In John Landis’s 1983 hit movie Trading Places, Billy Ray Valentine, a bum and hustler played by Eddie Murphy is picked up from the streets, cleaned up and dressed in an expensive business suit as part of an experiment instigated by wealthy brothers Randolph Duke and Mortimer Duke. The made-over Valentine is then set up in their firm Duke & Duke and introduced to his new colleagues as an up-and-coming hotshot trader.
As the film unfolds, the success of Valentine’s makeover quickly becomes evident. He starts out looking like a million dollars with his newly-manicured looks and power suit, then proceeds to step up and actually perform like a million dollars.
Fast forward 30 years later. Top-tier rating agency Fitch Ratings recently awarded the Philippines an investment-grade credit rating paving the way for the country’s improved access to a windfall of capital, presumably to fund further economic growth.
“This means much more than lower interest rates on our debt and more investors buying our securities,” Mr. Aquino said in a statement. “This is an institutional affirmation of our good governance agenda: Sound fiscal management and integrity-based leadership has led to a resurgent economy in the face of uncertainties in the global arena. It serves to encourage even greater interest and investments in our country.”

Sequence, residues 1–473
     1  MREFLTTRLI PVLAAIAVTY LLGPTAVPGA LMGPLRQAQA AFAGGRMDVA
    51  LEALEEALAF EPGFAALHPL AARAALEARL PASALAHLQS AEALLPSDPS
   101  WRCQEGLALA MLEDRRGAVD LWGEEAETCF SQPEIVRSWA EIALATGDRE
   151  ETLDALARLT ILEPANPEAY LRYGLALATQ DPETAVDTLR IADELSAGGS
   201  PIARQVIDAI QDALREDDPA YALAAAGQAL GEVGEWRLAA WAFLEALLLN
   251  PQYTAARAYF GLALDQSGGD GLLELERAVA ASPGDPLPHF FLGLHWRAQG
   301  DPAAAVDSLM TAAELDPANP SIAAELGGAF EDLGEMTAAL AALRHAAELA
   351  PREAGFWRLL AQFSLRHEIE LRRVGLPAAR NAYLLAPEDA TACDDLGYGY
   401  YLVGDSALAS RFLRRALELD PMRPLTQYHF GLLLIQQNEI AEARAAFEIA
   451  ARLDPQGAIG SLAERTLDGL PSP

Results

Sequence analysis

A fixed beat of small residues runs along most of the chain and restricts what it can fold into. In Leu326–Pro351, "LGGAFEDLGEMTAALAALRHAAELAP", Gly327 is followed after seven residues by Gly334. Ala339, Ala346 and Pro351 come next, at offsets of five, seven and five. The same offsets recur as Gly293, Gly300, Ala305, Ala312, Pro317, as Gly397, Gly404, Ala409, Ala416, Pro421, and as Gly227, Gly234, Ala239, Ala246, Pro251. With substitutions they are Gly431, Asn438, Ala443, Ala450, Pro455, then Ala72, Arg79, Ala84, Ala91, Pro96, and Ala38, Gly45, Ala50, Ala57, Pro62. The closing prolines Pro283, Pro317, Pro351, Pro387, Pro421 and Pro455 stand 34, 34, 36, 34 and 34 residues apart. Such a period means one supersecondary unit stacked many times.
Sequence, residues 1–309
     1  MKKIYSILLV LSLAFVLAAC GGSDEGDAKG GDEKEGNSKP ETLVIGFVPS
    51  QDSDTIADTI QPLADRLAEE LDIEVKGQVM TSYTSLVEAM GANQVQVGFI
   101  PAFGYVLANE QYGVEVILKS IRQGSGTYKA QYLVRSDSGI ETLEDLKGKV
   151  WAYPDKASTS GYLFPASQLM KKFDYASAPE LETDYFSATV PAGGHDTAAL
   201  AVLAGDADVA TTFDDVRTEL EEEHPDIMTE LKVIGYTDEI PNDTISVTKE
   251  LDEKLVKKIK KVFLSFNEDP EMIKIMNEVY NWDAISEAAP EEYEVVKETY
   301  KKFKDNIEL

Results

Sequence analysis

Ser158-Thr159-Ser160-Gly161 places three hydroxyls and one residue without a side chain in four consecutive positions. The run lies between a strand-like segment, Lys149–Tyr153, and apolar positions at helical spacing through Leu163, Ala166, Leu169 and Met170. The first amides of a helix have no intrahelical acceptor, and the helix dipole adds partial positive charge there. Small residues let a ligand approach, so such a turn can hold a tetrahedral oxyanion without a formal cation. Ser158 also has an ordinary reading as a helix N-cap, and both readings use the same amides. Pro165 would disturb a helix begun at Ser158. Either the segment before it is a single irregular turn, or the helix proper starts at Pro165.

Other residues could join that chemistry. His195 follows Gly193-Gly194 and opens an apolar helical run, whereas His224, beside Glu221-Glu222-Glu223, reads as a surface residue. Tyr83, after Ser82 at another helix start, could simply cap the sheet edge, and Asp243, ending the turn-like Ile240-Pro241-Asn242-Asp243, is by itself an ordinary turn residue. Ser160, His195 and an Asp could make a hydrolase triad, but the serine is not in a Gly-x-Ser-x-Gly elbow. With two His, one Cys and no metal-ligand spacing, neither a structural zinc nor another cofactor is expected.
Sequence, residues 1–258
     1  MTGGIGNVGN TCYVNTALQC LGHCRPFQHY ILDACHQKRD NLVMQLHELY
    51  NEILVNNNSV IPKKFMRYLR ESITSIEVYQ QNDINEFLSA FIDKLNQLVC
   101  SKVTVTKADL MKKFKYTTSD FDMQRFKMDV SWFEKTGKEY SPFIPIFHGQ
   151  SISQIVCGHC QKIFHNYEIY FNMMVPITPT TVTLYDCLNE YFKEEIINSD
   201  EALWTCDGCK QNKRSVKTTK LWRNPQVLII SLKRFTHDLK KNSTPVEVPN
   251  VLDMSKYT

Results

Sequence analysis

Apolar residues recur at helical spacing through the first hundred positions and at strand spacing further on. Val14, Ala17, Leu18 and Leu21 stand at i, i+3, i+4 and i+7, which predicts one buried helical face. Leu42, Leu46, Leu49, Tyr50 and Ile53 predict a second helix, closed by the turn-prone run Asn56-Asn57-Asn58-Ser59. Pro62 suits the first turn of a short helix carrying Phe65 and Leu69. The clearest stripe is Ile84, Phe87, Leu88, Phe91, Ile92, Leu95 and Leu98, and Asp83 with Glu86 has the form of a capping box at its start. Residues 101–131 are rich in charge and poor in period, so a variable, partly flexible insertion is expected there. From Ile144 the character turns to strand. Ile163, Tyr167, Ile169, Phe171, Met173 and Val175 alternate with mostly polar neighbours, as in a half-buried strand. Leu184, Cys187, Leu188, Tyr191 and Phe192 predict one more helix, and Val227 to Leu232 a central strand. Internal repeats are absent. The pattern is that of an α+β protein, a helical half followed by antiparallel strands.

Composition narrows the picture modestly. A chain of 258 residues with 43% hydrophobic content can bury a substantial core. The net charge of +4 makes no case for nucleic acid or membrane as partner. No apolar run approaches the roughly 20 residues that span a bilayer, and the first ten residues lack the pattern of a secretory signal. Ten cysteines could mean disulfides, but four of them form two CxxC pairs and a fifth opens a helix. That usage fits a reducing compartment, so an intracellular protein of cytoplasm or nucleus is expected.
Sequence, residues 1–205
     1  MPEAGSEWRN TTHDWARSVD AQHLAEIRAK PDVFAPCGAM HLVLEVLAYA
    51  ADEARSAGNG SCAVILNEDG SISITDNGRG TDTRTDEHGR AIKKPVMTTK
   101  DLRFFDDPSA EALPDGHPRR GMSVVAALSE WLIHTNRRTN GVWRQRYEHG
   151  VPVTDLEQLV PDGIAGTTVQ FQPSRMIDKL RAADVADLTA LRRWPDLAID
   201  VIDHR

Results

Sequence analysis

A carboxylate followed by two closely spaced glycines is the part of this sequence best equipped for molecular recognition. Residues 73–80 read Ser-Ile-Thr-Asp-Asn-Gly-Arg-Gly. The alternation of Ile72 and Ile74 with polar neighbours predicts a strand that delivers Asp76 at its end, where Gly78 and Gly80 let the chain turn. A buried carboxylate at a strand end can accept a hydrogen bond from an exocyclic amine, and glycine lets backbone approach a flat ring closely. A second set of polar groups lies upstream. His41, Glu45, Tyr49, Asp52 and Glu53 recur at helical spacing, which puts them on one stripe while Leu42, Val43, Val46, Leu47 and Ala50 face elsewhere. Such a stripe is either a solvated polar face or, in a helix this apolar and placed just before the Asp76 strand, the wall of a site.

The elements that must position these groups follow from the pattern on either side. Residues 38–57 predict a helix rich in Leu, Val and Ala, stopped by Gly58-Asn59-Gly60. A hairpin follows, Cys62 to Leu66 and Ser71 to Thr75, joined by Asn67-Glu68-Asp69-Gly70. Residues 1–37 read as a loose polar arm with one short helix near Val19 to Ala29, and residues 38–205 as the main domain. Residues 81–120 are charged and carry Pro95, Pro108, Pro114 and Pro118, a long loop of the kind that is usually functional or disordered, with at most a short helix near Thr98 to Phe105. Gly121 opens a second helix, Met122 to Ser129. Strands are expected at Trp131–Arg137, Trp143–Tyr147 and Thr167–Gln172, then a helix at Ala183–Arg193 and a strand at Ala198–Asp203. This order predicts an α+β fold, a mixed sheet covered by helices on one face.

Fitch Ratings cited “improvements in fiscal management” begun under Mr. Aquino’s predecessor, Gloria Macapagal Arroyo, as one of the reasons for its decision to lift the Philippines’ rating from junk status, increasing it one notch, to BBB- from BB+. The rating applies to the country’s long-term debt denominated in foreign currency.
What this means is that Philippine businesses now have access to cheaper overseas foreign-currency-denominated loans. And with the peso rapidly appreciating, this is not a bad deal. Low interest rates combined with a depreciating principal means good times ahead.
Or does it?
Access to cheap capital is a double-edged sword. Much like the way sugar- and caffeine-fortified “energy drinks” boost performance over the short run, cheap dollar-denominated loans are notorious for their addictiveness. This is exactly what happened in the 1990s in the lead up to the infamous currency crash of 1997. The Philippines in the early 90s was awash with cash. The stock market was soaring, “blue-chip” IPOs were being hawked to starry-eyed “investors” by every “investment banker” and her dog, ordinary schmoes hit with the “wealth effect” bug were pouring excess highly-leveraged cash into real estate.
Then in 1997, the market tanked.